As promised a while ago to Suzanne, the gracious author of food and cooking blog apuginthekitchen, in this post I will briefly go through the core foundations of food-wine pairing, providing an overview of the main criteria conceived and recommended by the Italian Sommelier Association (ISA). This should hopefully offer readers a few guidelines that they may consider trying out the next time they will need to pair a wine with food.
Our discussion about wine pairing will utilize certain of the concepts and terminology that we have gone through in the context of our overview of the ISA wine tasting protocol: if you are not familiar with it, consider reading that post before continuing on with this one.
The first step in the wine pairing process is to assess the food you intend to pair a wine with: in so doing, you should consider (and ideally write down) which of the following characteristics are present to a noticeable extent in your food:
Latent sweetness (this is that sweetish feel that you perceive eating such foods as bread, pasta, rice, potatoes, carrots, certain seafood such as shrimps or prawns, most ham, bacon, etc. – note, this is NOT the full-blown sweetness of a dessert)
Fatness (this refers to the presence of solid greases, such as in most cheeses, salame, hard-boiled egg yolk, etc.)
Tastiness (it is given by the presence of salt in a food, such as for instance in most cured meats, salame or cheeses)
Latent bitterness (it can be found in such foods as artichokes, raw spinach, radicchio, liver, grilled food, etc.)
Latent sourness (it is generally found in tomatoes, seafood marinated in lemon juice, salads with vinegar-based dressings, etc.)
Sweetness (typical of a dessert, honey or most fruits)
Aftertaste (meaning, whenever the flavor of the food tends to linger in your mouth after swallowing it – for instance, venison meat generally has a longer afterstate than veal meat)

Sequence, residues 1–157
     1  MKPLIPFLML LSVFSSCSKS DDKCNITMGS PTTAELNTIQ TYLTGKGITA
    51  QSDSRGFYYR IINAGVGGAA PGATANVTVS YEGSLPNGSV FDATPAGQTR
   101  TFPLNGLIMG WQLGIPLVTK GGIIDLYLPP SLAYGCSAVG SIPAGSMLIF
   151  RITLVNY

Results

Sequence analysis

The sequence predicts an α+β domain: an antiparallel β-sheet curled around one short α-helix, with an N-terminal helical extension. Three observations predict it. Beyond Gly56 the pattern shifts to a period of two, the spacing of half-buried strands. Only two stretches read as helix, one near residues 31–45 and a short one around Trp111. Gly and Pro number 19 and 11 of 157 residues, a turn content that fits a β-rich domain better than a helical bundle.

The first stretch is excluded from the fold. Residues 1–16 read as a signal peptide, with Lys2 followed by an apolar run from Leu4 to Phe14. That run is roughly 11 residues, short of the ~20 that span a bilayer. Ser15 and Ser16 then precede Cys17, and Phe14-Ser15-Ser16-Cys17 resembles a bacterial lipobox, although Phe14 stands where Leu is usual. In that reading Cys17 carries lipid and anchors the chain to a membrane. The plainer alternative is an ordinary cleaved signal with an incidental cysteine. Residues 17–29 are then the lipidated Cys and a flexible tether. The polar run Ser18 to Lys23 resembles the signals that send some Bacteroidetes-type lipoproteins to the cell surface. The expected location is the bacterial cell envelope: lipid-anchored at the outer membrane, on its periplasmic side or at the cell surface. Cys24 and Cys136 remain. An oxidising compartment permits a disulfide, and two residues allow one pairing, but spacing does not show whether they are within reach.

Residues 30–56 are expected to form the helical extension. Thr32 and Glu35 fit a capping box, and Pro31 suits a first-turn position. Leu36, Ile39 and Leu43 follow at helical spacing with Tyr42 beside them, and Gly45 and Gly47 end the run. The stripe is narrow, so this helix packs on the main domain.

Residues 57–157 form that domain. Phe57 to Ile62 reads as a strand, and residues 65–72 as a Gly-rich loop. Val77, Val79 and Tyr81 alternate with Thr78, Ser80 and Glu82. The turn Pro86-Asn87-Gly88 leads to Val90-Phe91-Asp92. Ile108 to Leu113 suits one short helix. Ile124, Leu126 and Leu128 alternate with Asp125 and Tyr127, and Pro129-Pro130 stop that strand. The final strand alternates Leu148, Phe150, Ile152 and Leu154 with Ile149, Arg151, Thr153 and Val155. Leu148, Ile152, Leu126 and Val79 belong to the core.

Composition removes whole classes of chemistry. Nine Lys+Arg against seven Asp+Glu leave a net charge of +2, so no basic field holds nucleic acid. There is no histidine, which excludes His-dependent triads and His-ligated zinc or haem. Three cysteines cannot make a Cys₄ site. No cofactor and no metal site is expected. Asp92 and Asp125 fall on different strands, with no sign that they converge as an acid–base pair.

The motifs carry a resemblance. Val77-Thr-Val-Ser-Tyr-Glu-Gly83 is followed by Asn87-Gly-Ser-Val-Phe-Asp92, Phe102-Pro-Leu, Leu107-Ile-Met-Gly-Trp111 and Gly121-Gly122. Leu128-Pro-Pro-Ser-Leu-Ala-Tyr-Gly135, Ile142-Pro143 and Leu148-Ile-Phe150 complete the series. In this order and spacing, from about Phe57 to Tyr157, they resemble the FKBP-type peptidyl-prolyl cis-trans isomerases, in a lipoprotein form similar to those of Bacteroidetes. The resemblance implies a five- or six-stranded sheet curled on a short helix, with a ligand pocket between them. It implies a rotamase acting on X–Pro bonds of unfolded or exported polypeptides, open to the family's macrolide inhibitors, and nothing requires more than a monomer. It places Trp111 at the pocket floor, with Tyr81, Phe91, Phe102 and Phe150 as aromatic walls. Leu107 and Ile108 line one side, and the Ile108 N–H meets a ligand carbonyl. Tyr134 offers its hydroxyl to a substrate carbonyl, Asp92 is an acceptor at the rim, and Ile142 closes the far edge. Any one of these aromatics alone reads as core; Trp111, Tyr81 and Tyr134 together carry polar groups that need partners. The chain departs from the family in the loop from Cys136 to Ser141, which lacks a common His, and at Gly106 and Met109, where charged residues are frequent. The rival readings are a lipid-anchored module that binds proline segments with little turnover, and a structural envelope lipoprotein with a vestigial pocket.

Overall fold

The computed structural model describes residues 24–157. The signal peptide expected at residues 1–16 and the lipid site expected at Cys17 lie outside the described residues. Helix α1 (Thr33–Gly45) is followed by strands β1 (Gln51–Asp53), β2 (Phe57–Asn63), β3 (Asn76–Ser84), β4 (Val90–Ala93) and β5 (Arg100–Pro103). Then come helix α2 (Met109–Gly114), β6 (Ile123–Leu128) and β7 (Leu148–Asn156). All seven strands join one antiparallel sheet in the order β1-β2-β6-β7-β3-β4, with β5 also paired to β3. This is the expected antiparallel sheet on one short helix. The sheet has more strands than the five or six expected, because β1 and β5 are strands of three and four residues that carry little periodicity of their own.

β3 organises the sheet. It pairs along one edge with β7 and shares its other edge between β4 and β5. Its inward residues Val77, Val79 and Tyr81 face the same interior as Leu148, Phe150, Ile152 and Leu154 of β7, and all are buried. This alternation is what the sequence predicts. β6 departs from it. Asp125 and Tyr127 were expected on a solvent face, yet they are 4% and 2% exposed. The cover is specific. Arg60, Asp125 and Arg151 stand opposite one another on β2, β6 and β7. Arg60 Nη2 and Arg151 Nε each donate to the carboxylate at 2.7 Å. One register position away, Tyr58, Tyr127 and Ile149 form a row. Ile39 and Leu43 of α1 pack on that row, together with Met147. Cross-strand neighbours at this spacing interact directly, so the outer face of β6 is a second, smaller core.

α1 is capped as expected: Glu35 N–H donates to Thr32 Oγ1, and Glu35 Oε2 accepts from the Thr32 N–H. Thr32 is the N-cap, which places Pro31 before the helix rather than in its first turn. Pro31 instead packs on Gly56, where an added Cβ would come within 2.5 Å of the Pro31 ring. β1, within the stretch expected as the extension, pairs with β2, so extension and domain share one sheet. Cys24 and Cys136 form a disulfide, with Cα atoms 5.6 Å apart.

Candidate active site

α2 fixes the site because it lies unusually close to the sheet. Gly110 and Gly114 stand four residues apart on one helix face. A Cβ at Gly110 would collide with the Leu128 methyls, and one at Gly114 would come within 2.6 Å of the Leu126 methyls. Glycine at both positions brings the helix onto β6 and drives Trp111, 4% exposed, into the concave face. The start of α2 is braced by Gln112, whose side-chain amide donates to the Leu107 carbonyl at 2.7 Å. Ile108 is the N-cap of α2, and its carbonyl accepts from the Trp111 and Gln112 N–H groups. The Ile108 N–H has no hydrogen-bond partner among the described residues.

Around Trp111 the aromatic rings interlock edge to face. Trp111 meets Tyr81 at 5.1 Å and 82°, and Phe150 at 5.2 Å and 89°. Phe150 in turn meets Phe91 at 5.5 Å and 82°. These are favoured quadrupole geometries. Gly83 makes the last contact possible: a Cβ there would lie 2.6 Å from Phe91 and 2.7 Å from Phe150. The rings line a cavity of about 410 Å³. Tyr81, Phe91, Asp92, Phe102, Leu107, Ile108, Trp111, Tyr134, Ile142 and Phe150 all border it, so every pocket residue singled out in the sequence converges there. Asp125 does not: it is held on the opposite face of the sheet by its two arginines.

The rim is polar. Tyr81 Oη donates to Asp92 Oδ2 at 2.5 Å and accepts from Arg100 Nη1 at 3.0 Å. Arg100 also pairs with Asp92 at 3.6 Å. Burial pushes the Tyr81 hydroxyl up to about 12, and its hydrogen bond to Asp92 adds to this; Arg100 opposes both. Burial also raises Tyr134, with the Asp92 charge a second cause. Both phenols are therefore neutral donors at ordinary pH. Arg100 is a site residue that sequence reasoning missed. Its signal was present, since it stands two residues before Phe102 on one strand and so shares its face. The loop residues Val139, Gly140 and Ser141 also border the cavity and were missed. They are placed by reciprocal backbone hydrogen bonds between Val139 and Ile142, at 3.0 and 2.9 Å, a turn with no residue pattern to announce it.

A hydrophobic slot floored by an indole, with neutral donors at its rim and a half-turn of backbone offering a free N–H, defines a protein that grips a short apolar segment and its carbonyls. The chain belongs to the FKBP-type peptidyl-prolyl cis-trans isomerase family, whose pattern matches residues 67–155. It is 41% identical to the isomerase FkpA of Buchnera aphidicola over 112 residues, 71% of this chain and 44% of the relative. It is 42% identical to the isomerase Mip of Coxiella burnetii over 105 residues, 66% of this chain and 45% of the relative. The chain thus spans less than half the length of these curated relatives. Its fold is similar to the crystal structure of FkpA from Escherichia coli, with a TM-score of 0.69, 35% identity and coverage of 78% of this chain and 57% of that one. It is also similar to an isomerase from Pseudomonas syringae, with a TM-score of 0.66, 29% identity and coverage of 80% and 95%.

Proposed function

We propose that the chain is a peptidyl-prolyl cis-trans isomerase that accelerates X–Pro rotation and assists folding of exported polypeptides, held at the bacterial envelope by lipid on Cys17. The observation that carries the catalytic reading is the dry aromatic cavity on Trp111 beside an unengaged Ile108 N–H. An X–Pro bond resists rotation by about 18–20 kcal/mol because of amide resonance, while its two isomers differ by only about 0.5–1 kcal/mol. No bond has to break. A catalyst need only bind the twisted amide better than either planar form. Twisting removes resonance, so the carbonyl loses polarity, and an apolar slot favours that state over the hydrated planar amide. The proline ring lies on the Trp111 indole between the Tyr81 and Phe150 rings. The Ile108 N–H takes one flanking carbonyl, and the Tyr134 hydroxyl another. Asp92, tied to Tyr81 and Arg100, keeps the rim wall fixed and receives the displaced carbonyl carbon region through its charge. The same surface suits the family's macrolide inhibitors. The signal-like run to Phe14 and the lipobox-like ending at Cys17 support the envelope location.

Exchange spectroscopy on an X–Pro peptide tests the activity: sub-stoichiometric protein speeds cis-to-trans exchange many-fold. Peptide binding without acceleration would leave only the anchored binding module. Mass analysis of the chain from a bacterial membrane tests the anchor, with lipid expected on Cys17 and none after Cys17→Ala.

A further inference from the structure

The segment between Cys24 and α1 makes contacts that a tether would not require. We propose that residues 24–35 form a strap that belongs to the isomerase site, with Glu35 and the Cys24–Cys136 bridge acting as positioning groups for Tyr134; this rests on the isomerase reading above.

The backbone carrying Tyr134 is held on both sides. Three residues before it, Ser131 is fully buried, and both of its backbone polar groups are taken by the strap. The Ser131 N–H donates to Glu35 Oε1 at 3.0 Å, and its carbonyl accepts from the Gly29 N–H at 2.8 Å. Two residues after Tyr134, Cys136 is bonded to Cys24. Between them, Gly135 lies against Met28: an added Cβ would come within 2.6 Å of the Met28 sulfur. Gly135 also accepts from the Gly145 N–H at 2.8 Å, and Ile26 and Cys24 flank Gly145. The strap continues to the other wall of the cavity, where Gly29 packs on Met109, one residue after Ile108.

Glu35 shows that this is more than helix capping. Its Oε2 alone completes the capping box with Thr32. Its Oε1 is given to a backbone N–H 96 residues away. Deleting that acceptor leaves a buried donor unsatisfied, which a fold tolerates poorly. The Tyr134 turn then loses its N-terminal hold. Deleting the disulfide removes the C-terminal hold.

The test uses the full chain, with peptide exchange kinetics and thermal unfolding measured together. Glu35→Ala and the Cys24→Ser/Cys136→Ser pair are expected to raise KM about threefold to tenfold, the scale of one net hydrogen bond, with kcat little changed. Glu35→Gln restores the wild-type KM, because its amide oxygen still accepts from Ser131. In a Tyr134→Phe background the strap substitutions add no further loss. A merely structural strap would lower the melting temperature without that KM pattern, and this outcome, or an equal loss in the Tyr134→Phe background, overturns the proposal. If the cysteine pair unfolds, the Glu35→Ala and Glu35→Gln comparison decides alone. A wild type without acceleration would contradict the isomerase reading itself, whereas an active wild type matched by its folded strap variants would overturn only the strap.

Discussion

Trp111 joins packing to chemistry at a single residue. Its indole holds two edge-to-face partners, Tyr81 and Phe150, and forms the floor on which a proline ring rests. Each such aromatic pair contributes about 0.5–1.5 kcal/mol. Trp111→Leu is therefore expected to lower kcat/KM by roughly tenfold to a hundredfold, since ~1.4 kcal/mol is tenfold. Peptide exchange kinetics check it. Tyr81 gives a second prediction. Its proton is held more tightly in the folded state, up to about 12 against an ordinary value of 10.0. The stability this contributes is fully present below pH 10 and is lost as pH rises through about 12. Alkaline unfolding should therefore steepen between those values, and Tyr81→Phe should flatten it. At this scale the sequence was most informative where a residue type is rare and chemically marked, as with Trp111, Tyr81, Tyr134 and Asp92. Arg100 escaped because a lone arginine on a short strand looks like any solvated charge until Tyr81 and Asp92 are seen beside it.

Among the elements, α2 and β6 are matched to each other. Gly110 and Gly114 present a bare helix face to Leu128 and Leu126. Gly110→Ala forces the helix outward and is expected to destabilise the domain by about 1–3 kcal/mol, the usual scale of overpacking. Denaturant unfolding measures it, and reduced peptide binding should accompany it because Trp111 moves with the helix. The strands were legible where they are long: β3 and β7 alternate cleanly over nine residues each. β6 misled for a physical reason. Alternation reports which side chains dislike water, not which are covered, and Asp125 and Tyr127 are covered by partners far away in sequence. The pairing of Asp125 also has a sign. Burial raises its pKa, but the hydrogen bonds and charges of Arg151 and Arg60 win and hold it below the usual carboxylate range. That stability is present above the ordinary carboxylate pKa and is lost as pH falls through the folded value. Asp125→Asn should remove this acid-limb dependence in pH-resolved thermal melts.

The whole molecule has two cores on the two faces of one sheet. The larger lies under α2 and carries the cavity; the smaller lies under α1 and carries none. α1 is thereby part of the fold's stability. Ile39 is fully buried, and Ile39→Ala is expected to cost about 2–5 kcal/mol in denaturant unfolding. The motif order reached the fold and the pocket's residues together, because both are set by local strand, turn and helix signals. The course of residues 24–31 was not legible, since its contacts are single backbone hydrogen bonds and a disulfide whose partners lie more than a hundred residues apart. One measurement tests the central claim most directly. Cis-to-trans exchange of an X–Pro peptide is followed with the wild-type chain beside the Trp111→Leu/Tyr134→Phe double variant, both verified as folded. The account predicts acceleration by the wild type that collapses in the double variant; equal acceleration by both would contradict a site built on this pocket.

Spiciness (this merely indicates the moderate use of spices in the preparation of the food, it does NOT indicate a “hot” food – examples are the use of saffron, curry, pepper, vanilla, etc. in foods like cured meats, risotto, desserts…)
Flavor (this indicates a noticeable, distinct flavor that is typical of a certain food or ingredient, such as in the case of blue cheese or goat cheese, salame, foods complemented by herbs, such as pesto sauce or butter and sage ravioli, coffee, cocoa…)
Juiciness (there are three types: (i) inherent, which is that of foods that have noticeable quantities of liquids in them, such as a fresh buffalo mozzarella or a meat cut cooked rare; (ii) due to the addition of liquids, such as a beef stew to which some kind of gravy or sauce was added, a brasato, etc.; and (iii) induced, which is that of salty or relatively dry foods, which cause abundant production of saliva in the mouth, such as in the case of a bit of aged Parmigiano Reggiano cheese)
Greasiness (caused by the presence of oil or other liquefied greases that is still noticeable in the mouth at the end of the preparation of the food, such as in a bruschetta, seafood salad, grilled sausage, etc.)